Did you have an opportunity to speak with anyone about the disaster? Did anyone mention what it is like to live with an invisible radioactive enemy? Was there an opportunity to ask anyone if they were around at the time of the disaster and if they experienced what it was like to be there? If you did, was it as the reports of the day suggested “that the skies darkened as though the feeling of an apocalypse was happening”?
No, we didn’t hear any stories from the locals. But, to answer your question about the ‘feeling of apocalypse’, in the documentary shown in the van on the way from Kiev, no one outside of the nuclear plant knew that anything had happened. The people in Pripyat went about their lives as normal for an entire half day before the military showed up. And even then, the military were just performing tests throughout the afternoon. It was only when the tests showed radiation levels were getting worse and worse that they finally started the evacuation, and this was described as completely calm and relaxed.
One survivor who was interviewed said she expected to be able to return in a day or two to resume life as usual. As far as I can tell, the true terror about the situation was kept secret from the population. Only the scientists and the army realized how much trouble they were in.
I booked everything through a UK tour company named Lupine Travel (www.lupinetravel.co.uk) who seem to specialize in “interesting destinations”, Iran and North Korea are examples of other places they visit. I actually did some quick research about the tour beforehand, which is lucky, because at the various official road stops throughout both Exclusion Zones, they need your passport details before you can enter. The tour company I used sent them all of my passport information beforehand.
I would definitely recommend you do some research about the various tour companies. The first two websites I viewed looked great and very tourist-friendly, but then I found a review that opened my eyes to the possible problems. I won’t mention which tour operators are fake or shady as this is purely hearsay. Just remember that there are no “certified” tour companies that operate in Chernobyl.
Do you feel this is a place that should be visited or left alone?
That’s a tough question to answer. On my tour, there was a rather rude guy who kept asking obnoxious questions, although, to be fair, I could see his point. At the beginning of the tour he kept asking when we were going to get to something more interesting because the over-grown houses and municipal buildings in the outer Exclusion Zone were nothing he hadn’t seen before. I didn’t mind at all, because the documentary we had watched whilst travelling from Kiev to Chernobyl really got me thinking. It stirred up a great deal of imaginative notions through my entire trip.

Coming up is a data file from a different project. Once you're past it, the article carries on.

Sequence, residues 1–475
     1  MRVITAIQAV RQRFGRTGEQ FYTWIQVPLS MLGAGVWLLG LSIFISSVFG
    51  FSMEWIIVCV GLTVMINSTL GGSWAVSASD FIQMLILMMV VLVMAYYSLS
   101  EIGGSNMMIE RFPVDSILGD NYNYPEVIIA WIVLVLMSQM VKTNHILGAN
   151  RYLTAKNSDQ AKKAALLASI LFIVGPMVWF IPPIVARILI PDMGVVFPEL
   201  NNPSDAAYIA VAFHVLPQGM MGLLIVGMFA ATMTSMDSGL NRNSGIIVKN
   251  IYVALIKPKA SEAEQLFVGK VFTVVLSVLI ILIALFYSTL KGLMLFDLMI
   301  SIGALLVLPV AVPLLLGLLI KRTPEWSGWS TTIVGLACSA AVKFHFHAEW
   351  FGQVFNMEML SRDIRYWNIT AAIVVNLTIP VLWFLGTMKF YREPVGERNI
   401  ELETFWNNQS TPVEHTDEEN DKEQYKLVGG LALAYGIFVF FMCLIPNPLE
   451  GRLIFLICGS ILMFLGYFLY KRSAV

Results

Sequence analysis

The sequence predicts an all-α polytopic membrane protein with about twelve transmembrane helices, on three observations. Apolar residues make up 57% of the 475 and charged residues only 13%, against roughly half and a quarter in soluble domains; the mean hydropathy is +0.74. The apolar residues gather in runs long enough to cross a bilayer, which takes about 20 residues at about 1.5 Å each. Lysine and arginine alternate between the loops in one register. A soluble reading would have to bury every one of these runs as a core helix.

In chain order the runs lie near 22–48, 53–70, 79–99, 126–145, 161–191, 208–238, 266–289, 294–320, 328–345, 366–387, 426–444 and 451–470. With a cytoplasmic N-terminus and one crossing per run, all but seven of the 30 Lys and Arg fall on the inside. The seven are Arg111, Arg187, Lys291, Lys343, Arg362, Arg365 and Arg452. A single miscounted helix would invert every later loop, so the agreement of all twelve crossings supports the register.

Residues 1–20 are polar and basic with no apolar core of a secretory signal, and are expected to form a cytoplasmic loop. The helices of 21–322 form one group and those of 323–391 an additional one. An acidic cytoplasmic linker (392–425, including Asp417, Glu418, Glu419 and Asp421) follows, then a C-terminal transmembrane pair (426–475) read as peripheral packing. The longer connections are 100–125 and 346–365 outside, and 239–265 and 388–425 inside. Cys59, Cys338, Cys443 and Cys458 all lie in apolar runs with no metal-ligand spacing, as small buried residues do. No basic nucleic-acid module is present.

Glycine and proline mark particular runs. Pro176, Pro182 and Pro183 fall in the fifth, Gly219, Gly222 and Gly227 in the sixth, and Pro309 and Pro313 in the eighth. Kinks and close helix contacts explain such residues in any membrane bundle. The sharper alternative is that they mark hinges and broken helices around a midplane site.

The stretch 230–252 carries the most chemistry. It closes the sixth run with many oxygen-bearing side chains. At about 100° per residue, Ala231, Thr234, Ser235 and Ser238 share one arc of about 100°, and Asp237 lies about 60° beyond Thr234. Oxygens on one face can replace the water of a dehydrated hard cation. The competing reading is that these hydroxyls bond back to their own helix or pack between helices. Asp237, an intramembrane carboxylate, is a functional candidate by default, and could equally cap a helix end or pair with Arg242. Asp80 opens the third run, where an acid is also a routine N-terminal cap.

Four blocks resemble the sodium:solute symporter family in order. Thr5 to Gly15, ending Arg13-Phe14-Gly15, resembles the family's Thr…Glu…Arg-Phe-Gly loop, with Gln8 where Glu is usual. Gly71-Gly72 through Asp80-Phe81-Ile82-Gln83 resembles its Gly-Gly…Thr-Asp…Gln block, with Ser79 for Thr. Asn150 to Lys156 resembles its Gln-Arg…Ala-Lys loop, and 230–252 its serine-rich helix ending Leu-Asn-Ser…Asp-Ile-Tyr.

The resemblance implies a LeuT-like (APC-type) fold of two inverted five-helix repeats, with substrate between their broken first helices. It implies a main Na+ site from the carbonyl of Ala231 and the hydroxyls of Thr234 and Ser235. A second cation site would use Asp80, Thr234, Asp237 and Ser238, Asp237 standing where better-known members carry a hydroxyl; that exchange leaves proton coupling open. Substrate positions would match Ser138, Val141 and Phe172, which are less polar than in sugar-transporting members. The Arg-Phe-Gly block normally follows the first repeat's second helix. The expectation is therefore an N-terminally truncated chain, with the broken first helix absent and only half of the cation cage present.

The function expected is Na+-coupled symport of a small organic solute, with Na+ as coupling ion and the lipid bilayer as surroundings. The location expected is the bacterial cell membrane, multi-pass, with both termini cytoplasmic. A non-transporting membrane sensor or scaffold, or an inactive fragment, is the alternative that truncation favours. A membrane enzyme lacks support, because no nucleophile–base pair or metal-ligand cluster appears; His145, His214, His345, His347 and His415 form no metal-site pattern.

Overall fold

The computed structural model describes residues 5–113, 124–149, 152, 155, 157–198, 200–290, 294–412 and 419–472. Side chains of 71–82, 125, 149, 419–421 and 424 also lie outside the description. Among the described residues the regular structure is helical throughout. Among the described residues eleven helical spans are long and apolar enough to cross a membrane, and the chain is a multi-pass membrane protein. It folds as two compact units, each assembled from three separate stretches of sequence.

I definitely think people should visit, but would strongly recommend that some research is carried out regarding the disaster prior to their trip, purely to bring a historical reality to the site that they are visiting.
Also note: when we were there, there were very few rules. The rules that did exist, seemed to be ignored some of the time. For example, we were not allowed to go in to the buildings (for obvious safety reasons in some cases), but as there was no one there enforcing the rules, we snuk into a few which really was amazing.
As more tourists visit, as time goes on, more rules will be added and there will be more people to enforce these rules. Therefore, if you are interested in visiting, try to get there sooner rather than later!
When you left the country, what were your lasting thoughts/impressions?
During the documentary, they reported what happened right after the first explosion occurred at the plant. They said that it was very likely that if left unchecked, a second explosion would happen. The scientists theorized that a second explosion would send out even more nuclear fallout which would affect most of Europe in ways similar to the Exclusion Zones.
It’s good to know that nuclear reactors these days are built with containment units so this situation will not be possible in the future. And yet, it scares me to think that a catastrophe of that sort and magnitude was ever a real possibility.
Justin, thank you, I think we were all gripped and intrigued by your account of what happened during you time there, and I can really get a sense of what it must feel like to visit through your descriptions. Thank you so much for taking the time to talk to me and thank you for sharing your story with us all!
If you have been affected by this interview and want to help any children or people of Chernobyl, listed below are various charities you can support.
Bridges To Belarus
American Belarussian Relief Organization (ABRO)